A free program

February 26 2013

If you’ve felt it, you know magic happens when the right people enter a space.

Sometimes it’s serendipity; most of the time there’s a driving force.

I want to encourage you to take part in what Seth Godin has dubbed the Connection Economy — to use your most meaningful relationships to inspire you to create art, contribute to your community, and nourish the connections in your own life.

Deepen the connections in your world and start conversations that matter.

I’m thrilled by the prospect of sharing my passion and work. The capacity for what can happen when the right people come together is unlimited and largely untapped. Call this six-week program whatever you want: a book club, a group, an experiment, an adventure.

There are people in your world who need to meet.

Your efforts to organize this program may change someone’s life, but it’s up to you to make it happen. There are people out there who are stuck (as you may have discovered, paths are rarely straight and laid out). Be present and challenge each other with kindness and care.

We all have something unique to share. Let’s help each other do the tough work.

Questions? Successes? Let me know how it goes.

Step 1. Form a group.

Sure, you can do this alone. But a group offers support, accountability, and the ability to help you up your game. You want people who can call you out, people who can serve as your cohort and personal network as you advance your ideas forward. Your group is your sounding board, letting you know when you’re on track and gently nudging you when you’re off.

It doesn’t matter how many are in your group; it could be one other person or four. Call up a few friends and send out emails, “Will you try something new with me?”

Step 2. Time and place.

Face time can’t be substituted. Choose one location and meet consistently, each week. Settle on the details and commit. Six weeks. No excuses.

Respect everyone’s time. Everyone is busy. Make each other a priority.

Step 3. Finalize your reading list.

I’ve listed several books for you to use as a starting block. Recommended, but by no means required. If you have a book that has been especially influential to you, use that one instead.

Sample book list:
Linchpin
Poke the Box workbook
Superconnect
Business Model Generation
E Myth Revisited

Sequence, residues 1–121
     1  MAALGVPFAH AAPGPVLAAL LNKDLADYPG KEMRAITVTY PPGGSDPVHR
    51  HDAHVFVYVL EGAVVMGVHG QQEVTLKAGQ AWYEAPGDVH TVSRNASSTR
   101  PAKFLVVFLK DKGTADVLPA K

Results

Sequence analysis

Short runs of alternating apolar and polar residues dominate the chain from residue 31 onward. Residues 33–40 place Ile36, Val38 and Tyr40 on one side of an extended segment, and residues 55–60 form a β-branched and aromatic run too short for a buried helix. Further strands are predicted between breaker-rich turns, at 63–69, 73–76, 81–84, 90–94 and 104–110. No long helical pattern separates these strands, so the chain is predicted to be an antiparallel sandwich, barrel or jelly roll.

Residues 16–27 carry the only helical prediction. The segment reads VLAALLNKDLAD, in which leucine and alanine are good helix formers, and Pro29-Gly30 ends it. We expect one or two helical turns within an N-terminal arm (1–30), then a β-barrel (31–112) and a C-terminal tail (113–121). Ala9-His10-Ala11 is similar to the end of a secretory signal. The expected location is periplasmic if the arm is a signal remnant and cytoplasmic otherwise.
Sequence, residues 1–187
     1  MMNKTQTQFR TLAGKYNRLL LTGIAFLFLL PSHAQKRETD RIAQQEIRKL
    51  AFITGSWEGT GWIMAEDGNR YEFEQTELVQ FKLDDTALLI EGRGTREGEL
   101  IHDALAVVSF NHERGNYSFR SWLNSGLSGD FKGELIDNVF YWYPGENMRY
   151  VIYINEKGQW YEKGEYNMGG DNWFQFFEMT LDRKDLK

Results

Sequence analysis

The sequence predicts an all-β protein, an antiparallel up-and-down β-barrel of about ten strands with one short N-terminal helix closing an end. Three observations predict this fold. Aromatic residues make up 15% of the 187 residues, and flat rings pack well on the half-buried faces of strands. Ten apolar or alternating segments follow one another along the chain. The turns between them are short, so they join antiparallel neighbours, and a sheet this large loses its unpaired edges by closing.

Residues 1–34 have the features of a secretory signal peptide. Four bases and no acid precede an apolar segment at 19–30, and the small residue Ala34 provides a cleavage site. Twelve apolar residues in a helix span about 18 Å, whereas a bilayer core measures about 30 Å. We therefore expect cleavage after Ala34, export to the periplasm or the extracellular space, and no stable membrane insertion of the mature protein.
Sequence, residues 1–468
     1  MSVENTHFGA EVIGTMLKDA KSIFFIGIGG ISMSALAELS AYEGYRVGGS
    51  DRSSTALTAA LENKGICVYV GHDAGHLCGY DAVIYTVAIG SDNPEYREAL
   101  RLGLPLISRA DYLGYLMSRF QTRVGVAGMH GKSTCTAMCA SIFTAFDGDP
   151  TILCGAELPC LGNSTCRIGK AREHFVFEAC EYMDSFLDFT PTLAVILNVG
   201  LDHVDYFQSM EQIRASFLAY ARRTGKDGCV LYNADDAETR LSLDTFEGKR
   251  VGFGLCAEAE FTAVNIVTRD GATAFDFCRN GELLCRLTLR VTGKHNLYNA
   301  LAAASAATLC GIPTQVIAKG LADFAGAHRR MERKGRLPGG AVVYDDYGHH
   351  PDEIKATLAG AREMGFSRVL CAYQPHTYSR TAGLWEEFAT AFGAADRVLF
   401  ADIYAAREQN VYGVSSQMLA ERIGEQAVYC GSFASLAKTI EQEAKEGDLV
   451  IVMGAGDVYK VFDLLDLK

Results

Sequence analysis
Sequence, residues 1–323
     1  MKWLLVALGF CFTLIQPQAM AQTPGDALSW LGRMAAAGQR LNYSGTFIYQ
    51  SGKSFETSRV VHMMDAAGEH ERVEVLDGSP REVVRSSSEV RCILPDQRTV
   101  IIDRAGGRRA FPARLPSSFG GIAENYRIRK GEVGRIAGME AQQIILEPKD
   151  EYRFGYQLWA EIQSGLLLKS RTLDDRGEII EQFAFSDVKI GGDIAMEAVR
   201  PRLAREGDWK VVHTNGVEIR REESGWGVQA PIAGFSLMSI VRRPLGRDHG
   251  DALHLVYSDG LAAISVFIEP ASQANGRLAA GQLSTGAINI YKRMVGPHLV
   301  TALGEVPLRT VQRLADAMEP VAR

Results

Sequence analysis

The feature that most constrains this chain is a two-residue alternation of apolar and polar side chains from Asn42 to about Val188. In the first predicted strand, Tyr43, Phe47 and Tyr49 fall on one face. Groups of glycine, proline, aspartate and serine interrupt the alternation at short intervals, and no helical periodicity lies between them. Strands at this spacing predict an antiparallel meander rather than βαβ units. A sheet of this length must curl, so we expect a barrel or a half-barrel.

4 Hour Work Week
Creatively Independent
Make Your Idea Matter
Host an unforgettable dinner party

Step 4: Homework (Projects & Exercises):

The activities suggested are designed to get you out of your comfort zone, inspire you, and reinforce what you’re reading. If you feel inclined to add your own twist, please do.

Most importantly, set aside time to make writing a priority. I’ve listed a few prompts to encourage you and provide creative direction. Again, use what is helpful and improve what isn’t. Not everything will work for everyone.

Week 1

Reading: Bernadette Jiwa’s Make Your Idea MatterSample journal
Project: Go find a journal that inspires you. Buy it from that indie book store you’ve always wanted to check out, look for something inspiring while you’re waiting in line, make it yourself.
Writing exercise: Set your alarm for ten minutes. Choose one:

  • Imagine your dream life. Envision everything it entails. Now write. It doesn’t need to be complete sentences or thoughts, words are fine.
  • Ask questions. Write them down, every question you can think of. They don’t need to make sense. You don’t need to have the answers. Tangential is fine. Just ask.

Discuss: What is the difference between dreaming and storytelling? Do you set aside time to create and dream? What stories do you tell yourself? To others?

Week 2

Reading: Tim Ferriss’ 4 Hour Work Week
Project: Do something new this week. Cook dinner with veggies from the local market. Sign up for a class. Explore a new neighborhood. Get lost in a library.
Writing exercise: If you could do anything, anywhere, what would it be?

Discuss: How do you define work/life balance? Is a distinction necessary?

Week 3

Reading: Seth Godin’s Poke the Box workbook
Project: Print out the workbook. Plan thirty minutes of uninterrupted time to complete.
Writing exercise: Notice any areas of hesitation while you’re completing the workbook. Is there a particular topic that seems more challenging than others?

Discuss: What obstacles stop you from shipping? How are you getting in your own way?

Week 4

Reading: Project Exponential’s Host an unforgettable dinner party
Project: Schedule a lunch date or host a dinner party.
Writing exercise: Set your alarm for ten minutes. Choose one:

  • What are the traits you most admire in others?  What are the traits you’re most proud of?
  • Assemble an imaginary Dream Team. You get five players. Who do you choose? What skills do they offer?

Discuss: Talk about how teams are formed and what kind of environments contribute to their growth. What kind of people belong on your Dream Team? Who inspires you?

Week 5

Reading: Jess Pillmores’s Creatively Independent
Project: Challenge yourself to write the first draft of your very own ebook.
Writing exercise: Consider the uniqueness that you, and only you, bring to your work, your relationships, your family. What separates you from competition? What is that one trait that singles you out?

Discuss: How do you stay inspired while working on a big [exhausting] project? What tricks and techniques have you found to be most helpful when setting big goals?

Week 6

ReadingE Myth Revisited and/or Business Model Generation
Project: Brainstorm how you might turn $10 into $100.
Writing exercise: Write out a sample business plan. What would you do if you had no excuses, no responsibilities? Journey back to the days of mowing lawns, selling lemonade, babysitting. What would change if today was your last day at your current job?

Discuss: Would things be different if you consistently set aside time to write, dream, explore, learn?